Issue - meetings

Welcome Strategy

Meeting: 21/01/2020 - Cabinet (Item 137)

137 Welcome Strategy pdf icon PDF 157 KB

[Report of the Director of Adults and Health. To be introduced by the Cabinet Member for Adults and Health.]


The  report will set out the  Council’s strategic response to migration and integration building on its current approach.

Additional documents:


The Cabinet Member for Adults and Health introduced this report which set out the Council’s strategic response to migration and integration building on its current approach.


The Cabinet Member was pleased to present the Welcome Strategy and paid special thanks to the community voluntary sector organisations who participated in the process. The Council would be working with them to set up a Board and to create an action plan that could then be monitored to measure progress.


The Cabinet Member closed by stating that, despite the uncertainty for migrants entering into the borough, the Council wished to send a message that it, and the borough, welcomed new migrants and wanted to work with them. There already existed the Connected Community Project and the Welcome Strategy was the next step.


The Leader invited Councillors to ask questions on this report. Councillor Palmer placed on record her dissatisfaction with not being able to ask questions in relation to item 9.


In response to questions from Councillor Palmer and das Neves, the following information was provided:


  • The Cabinet Member confirmed that the review of the current practices in how the Council supported migrant residents would include all the agencies that enforced migration law within the borough.


  • Regarding the timescale of that review, the Cabinet Member informed that, given its comprehensive coverage, it would take time to complete. For that reason, it was considered necessary to have a Welcome Advisory Board which the Cabinet Member envisaged would be cross party and noted the Liberal Democrats had co-sponsored the Welcome Strategy motion at Full Council in November 2018. The Council had already begun to talk with community monitory organisations about membership of the Board. The Board would be looking at: what were the Council’s priorities; what should be worked on; and any medium to long term goals. An overarching issue for migrants had been the United Kingdom’s expected exit from the European Union which had created uncertainty. The Council needed to develop an approach that was flexible and able to react to any changes as and when required.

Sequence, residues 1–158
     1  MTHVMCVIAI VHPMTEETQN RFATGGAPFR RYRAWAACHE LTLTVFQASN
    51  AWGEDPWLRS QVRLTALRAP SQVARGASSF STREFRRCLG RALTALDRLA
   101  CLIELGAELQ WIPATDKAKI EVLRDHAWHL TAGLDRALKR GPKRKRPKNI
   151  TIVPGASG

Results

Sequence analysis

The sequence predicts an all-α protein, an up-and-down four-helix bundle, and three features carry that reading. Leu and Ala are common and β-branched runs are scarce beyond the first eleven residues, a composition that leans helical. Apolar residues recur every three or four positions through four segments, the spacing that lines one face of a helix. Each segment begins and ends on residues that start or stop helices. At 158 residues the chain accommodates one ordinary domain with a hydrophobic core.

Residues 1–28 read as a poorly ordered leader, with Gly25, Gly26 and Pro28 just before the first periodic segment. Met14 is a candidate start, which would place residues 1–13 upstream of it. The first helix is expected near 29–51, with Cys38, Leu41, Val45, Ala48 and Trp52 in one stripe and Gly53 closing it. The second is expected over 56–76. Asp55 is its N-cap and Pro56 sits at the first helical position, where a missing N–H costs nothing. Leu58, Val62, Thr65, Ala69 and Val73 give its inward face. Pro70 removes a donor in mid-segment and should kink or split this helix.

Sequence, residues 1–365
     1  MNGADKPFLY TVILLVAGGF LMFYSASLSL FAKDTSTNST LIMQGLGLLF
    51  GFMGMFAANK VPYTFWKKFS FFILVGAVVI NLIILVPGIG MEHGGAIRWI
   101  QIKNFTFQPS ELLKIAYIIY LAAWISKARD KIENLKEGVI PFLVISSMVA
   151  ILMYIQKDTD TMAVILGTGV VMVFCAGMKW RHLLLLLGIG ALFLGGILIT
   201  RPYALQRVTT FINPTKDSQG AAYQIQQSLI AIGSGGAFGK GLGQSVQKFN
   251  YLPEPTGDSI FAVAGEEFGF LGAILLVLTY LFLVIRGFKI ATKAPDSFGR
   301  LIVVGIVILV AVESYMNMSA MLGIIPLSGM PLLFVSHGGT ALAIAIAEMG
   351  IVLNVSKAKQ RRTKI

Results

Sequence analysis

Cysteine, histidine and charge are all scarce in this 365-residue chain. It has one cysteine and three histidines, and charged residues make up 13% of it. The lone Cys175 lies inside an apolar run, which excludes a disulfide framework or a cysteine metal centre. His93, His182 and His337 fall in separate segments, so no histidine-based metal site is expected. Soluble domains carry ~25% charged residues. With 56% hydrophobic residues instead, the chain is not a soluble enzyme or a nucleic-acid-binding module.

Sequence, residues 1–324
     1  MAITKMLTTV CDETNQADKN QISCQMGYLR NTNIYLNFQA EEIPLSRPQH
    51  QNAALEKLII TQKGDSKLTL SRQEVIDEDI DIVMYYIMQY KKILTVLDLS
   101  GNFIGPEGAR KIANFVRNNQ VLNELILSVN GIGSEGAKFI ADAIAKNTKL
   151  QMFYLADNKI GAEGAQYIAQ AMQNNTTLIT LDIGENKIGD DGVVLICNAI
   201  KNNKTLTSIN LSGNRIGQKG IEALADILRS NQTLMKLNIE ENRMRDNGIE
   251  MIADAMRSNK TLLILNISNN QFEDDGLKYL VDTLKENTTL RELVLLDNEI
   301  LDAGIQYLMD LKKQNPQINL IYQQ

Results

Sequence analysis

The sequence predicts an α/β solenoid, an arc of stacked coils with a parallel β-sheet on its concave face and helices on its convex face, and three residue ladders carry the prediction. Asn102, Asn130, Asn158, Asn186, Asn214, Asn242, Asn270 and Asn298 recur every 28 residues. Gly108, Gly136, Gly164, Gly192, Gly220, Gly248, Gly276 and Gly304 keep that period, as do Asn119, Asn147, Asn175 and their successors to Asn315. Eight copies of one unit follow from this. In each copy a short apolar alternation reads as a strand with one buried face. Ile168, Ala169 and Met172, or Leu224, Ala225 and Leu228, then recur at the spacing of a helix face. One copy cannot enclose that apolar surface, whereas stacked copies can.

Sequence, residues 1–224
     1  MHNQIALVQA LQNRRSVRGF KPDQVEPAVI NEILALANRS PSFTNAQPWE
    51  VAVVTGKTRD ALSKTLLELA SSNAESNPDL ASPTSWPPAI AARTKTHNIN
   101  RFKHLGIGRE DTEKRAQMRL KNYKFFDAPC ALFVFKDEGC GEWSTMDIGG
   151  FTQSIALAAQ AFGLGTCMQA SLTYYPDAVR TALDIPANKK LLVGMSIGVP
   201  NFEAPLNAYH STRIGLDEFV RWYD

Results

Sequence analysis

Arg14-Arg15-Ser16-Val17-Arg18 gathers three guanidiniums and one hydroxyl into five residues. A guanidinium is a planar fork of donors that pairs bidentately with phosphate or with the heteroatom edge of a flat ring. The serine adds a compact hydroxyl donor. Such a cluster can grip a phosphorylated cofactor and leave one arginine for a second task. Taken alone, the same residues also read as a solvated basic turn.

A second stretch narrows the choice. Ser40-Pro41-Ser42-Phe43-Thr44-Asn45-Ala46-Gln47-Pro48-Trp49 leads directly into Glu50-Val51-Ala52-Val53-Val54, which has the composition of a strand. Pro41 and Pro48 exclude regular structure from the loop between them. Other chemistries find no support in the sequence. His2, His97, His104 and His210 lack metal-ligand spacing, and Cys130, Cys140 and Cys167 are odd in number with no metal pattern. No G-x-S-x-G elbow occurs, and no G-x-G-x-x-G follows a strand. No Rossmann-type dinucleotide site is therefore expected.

• The Cabinet Member was not able to provide the complete list of organisations that the Council had so far worked with regarding the Welcome Strategy but would arrange for that information to be made available.


  • The Cabinet Member confirmed there had been a round table meeting organised through the Selby Centre which was attended by over 50 individuals from different organisations. There had also been separate smaller meetings with different organisations looking at migration issues such as cases where migrants had no recourse of public funds and issues surrounding settled status for European migrants. Draft versions of the strategy had been circulated to various organisations and community groups who had in turn provided input and subsequent revisions were made. To further embed the work of the community into the work of the Welcome Strategy, the Welcome Advisory Board was set up to ensure that their contributions would continue.